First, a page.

Merry Christmas to all
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kds

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Reply with quote  #50 
Thorgil,

Just curious. 

Are you talking about lack of recognition in the mainstream, or among BW/BB fans?  

Lack of recognition in the mainstream doesn't surprise me in the least.  Over the past eight years, Brian has released That Lucky Old Sun, TWGMTR (w/ The Beach Boys), and NPP.  

I love all three albums, but I know in today's music climate that promotes style over substance, these albums won't get a fair shake.  As is the case with many legacy artists, the mainstream will only focus on their glory years while ignoring recent output.  

I will admit I'm a little surprised some of the collaborations with the younger artists on NPP didn't get more of a push by the label.  But, I'm sure they're busy promoting the next big thing.  

I would say, with a couple of exceptions, the reception among BW/BB fans has been very positive.  
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HAL2591

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Reply with quote  #51 
Quote:
Today, while listening the umpteenth time to NPP, I got the idea that "The Right Time", with slightly different lyrics, would be a perfect Christmas song.


Yes! Put a few bells/sleigh bells in that mix, slightly different chorus lyrics and you've probably got a Christmas classic.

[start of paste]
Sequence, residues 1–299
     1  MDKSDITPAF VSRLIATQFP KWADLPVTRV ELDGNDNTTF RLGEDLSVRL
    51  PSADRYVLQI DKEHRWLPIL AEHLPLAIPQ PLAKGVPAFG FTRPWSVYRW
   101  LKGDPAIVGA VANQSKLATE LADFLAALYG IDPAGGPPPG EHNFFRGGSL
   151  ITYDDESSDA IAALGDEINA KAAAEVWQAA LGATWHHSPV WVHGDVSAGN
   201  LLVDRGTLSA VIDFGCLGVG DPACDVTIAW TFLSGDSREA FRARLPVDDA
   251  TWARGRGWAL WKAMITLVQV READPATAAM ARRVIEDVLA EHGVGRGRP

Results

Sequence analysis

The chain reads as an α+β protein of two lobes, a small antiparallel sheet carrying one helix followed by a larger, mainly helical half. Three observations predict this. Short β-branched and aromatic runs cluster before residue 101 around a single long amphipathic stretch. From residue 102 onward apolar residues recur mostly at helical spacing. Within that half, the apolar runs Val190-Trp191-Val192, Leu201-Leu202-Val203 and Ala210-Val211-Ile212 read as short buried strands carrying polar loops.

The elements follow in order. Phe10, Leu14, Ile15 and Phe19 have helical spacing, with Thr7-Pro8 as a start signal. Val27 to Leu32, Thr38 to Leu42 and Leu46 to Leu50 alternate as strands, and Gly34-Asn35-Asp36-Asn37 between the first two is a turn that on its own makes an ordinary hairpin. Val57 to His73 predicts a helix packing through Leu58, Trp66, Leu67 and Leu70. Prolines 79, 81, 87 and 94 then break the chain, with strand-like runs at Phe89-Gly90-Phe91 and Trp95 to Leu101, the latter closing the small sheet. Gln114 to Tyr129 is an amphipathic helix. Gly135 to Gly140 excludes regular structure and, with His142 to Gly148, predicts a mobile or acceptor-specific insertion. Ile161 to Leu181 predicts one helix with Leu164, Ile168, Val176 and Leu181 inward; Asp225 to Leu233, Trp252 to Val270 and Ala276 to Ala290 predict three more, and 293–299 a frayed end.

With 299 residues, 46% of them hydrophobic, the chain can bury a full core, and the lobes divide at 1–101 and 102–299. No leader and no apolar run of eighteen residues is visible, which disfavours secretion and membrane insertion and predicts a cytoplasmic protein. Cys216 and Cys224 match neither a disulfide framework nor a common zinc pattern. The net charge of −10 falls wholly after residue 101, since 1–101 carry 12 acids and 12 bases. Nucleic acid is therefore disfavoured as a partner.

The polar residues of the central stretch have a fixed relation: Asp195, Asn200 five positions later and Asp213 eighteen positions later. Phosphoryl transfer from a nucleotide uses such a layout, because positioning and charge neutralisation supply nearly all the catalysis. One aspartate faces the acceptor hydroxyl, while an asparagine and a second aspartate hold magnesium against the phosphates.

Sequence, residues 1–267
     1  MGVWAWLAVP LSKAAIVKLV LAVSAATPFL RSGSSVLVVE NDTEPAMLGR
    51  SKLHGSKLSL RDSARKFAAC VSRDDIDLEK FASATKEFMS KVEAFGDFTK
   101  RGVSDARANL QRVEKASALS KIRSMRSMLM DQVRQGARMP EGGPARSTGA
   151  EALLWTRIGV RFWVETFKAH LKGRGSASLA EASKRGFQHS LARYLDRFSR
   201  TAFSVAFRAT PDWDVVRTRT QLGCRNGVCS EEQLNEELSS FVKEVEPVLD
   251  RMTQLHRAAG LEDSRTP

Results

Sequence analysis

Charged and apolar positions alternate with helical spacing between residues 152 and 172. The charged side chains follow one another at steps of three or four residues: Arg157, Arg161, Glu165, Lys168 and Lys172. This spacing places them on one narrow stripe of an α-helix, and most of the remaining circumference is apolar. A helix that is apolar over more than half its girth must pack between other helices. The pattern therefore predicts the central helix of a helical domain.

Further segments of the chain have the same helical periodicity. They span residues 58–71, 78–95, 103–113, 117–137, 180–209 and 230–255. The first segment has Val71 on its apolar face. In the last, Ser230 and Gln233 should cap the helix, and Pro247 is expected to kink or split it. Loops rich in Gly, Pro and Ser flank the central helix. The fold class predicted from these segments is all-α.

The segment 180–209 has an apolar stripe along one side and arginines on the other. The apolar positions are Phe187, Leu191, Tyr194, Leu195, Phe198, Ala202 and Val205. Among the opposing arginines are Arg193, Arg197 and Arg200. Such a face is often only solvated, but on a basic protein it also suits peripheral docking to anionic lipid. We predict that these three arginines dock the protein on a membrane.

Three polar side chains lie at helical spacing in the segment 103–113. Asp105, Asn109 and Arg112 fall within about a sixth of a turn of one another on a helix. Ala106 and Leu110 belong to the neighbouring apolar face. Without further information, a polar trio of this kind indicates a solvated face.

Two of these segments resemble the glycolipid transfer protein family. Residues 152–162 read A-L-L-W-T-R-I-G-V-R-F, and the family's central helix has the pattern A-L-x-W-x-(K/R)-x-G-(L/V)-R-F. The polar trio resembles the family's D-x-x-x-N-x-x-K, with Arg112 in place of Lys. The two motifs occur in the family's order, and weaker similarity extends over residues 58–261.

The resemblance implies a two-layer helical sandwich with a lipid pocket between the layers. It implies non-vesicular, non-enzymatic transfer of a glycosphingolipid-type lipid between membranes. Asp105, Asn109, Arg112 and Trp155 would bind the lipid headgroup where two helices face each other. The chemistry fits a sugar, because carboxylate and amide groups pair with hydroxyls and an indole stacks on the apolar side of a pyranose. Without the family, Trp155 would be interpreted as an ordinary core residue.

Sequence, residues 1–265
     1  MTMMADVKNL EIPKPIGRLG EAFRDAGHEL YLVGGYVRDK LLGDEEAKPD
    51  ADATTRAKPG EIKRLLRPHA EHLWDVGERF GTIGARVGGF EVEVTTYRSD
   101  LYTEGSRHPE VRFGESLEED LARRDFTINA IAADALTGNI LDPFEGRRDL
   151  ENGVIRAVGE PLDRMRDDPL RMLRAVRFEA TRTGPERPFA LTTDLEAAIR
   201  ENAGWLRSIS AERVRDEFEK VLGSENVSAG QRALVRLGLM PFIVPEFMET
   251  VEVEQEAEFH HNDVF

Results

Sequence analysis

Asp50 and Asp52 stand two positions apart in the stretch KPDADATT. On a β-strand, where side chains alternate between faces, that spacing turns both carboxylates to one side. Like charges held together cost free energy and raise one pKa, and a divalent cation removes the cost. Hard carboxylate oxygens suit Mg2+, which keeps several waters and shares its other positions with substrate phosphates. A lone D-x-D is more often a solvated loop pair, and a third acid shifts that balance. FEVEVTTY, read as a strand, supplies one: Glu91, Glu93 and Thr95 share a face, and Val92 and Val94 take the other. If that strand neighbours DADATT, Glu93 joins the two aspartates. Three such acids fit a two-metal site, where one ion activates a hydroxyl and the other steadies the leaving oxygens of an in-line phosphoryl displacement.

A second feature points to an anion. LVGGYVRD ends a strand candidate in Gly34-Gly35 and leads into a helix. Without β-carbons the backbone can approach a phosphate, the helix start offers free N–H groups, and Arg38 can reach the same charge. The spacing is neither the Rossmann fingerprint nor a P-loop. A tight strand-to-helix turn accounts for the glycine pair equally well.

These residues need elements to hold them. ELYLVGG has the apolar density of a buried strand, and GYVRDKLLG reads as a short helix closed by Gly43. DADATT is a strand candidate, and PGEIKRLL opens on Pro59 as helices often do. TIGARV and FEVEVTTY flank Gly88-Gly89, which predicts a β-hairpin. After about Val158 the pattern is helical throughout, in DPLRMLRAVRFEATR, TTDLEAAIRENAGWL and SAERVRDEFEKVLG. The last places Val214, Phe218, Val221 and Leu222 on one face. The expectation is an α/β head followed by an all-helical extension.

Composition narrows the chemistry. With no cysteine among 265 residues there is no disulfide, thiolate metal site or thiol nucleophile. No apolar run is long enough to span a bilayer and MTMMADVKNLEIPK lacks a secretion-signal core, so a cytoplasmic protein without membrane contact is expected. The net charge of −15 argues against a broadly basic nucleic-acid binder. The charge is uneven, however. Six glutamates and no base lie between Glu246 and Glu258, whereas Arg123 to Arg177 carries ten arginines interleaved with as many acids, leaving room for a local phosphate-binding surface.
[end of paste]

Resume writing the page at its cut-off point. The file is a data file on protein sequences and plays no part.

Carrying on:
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guitarfool2002

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Reply with quote  #52 
The album did not get a fair shake when it was released, and even before it was released there were some of these so-called "fans" making stuff up on the fly to find ways why it wouldn't be good. When it was released, some of the again so-called "reviews" were not just full of inaccuracies, but seemed to focus more on the ego of the author and other peripherals so the review read like the author played the first 15 seconds of each track and skipped through the album in 2 minutes rather than truly listening to it as a full work. The album and the music on it were reduced to becoming a catalyst for the reviewer(s) to either get on a soapbox, promote themselves, or grind some kind of an axe instead of tell the readers about the music. That was sickening. And some of those reviews got called out for doing so, which was more than justified. Some fans read reviews and those impressions stick in their minds as they listen to the songs. If that impression was coming from something other than the reviewer doing his or her job, that's pretty sad. And it's unfair to the music, above all.

It's great to have a topic like this, so fans who are actually invested in the music and the artist and who will actually listen to the album as a whole have a chance to discuss it. All that stuff which happened before NPP got released and in the month or so after regarding the reviews and some of the idiotic comments and articles was a travesty. My own opinion.

If there were fans essentially writing off an entire album full of songs which no one outside Capitol records and the people who were in the studio had heard based on a cel phone video of Brian and Zooey tracking vocals in the studio that got posted online, there is no way this album was getting a fair shake. More than the reviews, that was sickening.